What's New on WDCB... with Paul Abella
Russell Ferrante Trio – Inflexion (Blue Canoe)
Mention the name Russell Ferrante, and people in the know will immediately think of the Yellowjackets, where Ferrante will play all manners of acoustic and electric keyboards in that chops fueled ensemble. On Inflexion, he strips things down to an acoustic piano trio, and the results are impressive. The most impressive songs on here are the tunes that recall the Yellowjackets, like "Spoons" or "Stick-To-It-Iveness," which are as knotty and complicated as anything on any Yellowjackets record. And while most of the album is composed of songs written by Ferrante, he brought in a few standards as well, including Billy Strayhorn's "Isfahan" and Thelonious Monk's "Rhythm-A-Ning." Combine it all together, and you've got a really nice album on your hands.
Greg Abate – Magic Dance: The Music of Kenny Barron (Whaling City Sound)
Saxophonist Greg Abate has been on a bit of a tear over the course of his last few records, recording some the best work of his career with the Tim Ray Trio, and now, on his latest, Magic Dance: The Music of Kenny Barron, he's recorded his best album yet, in my humble opinion. Of course, it helps that the composer of all of these songs is along for the ride, along with Dezron Douglas (bass) and Johnathan Blake (drums). Some of Barron's most enduring songs are collected here, like "Sunshower," "Cook's Bay," "Bud Like," and "Sonia Braga," just to name a few. Abate is heard here on flute and four different saxophones, and he shines throughout. I think you'll be hearing this one a bunch in the next month or two on DCB Jazz!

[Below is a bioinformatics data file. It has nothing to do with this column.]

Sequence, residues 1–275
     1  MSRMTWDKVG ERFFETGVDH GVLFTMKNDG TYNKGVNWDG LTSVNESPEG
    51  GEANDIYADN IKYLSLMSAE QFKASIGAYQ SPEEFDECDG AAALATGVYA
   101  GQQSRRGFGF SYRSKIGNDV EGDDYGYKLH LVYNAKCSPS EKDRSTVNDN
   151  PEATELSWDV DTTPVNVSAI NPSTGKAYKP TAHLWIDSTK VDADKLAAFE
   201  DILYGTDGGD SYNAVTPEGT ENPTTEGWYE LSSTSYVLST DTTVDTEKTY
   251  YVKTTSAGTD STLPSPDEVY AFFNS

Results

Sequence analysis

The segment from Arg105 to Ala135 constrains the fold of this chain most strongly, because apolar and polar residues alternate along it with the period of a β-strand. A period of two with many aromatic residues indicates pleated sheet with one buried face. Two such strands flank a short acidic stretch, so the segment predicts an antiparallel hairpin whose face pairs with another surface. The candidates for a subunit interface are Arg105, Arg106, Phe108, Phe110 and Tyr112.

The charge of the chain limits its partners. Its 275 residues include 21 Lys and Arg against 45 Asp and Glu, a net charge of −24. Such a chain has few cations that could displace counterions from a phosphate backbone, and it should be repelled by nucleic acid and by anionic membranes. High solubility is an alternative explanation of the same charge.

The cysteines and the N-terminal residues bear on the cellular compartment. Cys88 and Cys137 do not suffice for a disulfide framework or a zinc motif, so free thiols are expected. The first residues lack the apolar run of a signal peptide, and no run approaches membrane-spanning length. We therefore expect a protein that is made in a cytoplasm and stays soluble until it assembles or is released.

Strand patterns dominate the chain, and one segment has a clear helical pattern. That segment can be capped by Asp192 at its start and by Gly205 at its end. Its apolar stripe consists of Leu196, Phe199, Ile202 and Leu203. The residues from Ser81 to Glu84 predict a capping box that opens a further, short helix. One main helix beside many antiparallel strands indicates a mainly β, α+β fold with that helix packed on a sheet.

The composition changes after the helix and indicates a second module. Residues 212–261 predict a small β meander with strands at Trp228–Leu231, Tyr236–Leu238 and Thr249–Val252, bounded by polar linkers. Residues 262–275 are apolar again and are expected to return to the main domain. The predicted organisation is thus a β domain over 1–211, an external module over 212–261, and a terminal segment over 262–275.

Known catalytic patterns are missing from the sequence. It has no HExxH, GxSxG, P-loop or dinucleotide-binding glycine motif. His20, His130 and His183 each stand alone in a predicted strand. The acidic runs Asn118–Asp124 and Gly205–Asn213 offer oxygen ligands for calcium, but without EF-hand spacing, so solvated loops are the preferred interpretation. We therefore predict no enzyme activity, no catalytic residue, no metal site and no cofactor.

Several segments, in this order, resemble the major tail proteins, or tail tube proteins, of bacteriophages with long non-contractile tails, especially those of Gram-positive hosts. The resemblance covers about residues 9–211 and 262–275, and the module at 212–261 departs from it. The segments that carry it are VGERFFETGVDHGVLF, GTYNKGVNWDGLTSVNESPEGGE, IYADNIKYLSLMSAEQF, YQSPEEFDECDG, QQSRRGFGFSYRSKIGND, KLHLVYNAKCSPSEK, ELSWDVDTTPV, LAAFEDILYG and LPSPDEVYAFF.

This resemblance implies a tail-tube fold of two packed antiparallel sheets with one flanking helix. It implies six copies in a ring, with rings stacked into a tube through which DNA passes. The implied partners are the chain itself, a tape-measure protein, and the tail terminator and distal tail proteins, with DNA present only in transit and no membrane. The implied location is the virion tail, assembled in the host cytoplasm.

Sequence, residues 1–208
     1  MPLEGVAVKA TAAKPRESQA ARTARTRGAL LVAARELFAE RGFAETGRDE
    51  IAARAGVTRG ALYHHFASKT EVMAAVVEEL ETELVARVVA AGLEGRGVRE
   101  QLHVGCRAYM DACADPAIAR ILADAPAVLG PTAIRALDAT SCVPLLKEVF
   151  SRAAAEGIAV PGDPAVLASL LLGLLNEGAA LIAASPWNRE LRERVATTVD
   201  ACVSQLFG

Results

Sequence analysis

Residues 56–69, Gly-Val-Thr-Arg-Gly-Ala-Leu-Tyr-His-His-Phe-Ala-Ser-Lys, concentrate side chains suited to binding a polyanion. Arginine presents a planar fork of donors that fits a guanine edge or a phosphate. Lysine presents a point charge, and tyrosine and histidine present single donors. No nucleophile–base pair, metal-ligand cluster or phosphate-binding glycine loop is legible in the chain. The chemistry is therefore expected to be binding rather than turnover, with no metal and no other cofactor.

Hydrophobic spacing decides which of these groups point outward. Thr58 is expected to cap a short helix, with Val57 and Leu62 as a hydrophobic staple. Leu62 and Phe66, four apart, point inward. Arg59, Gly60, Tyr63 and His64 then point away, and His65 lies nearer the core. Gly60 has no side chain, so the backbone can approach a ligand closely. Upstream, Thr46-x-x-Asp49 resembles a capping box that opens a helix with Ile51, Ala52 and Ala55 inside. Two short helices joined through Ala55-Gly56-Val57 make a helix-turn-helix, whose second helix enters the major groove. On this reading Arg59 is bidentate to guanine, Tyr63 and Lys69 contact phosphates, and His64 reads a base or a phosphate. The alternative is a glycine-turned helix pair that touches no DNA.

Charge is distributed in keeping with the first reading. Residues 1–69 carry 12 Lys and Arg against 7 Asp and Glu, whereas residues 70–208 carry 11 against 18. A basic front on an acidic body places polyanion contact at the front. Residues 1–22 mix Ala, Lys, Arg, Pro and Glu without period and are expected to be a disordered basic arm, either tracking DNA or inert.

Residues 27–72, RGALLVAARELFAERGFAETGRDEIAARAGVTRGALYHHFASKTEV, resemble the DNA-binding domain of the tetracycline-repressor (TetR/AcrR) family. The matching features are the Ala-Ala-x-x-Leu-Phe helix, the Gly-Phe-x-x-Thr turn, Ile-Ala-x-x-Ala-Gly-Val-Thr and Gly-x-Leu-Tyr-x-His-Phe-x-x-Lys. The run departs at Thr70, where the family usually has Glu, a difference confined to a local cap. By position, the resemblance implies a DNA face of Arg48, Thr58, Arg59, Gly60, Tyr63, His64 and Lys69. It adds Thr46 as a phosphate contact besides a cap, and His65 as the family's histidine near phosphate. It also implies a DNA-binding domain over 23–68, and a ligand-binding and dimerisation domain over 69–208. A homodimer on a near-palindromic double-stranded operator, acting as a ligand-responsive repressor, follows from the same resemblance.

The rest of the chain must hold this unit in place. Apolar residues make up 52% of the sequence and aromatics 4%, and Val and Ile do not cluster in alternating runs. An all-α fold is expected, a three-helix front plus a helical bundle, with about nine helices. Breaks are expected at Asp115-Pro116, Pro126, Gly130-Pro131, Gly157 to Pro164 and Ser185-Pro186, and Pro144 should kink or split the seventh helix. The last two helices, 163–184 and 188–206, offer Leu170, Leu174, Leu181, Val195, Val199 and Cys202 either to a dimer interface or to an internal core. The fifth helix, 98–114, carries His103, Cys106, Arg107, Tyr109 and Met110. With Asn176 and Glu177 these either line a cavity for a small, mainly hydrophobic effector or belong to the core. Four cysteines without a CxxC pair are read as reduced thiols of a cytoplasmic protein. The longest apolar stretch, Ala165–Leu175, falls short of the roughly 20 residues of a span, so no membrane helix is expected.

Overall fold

Zvonimir Tot's Jazz Stringtet – Sarabande Blue (Groove Art)
Guitarist Zvonimir Tot has put together an interesting project marrying his songs and arrangements to a five piece string section. Sarabande Blue is a fascinating look into the "Third Stream," where Jazz meets Classical music. Sometimes, like on "Groove Me Wah" or "Maki (Guts & Glory)," Jazz is in the driver's seat. On other songs, such as "Fuga Longa, Vita Brevis," the Classical aspect is most apparent. However, from first track to last track, Sarabande Blue is a compelling listen.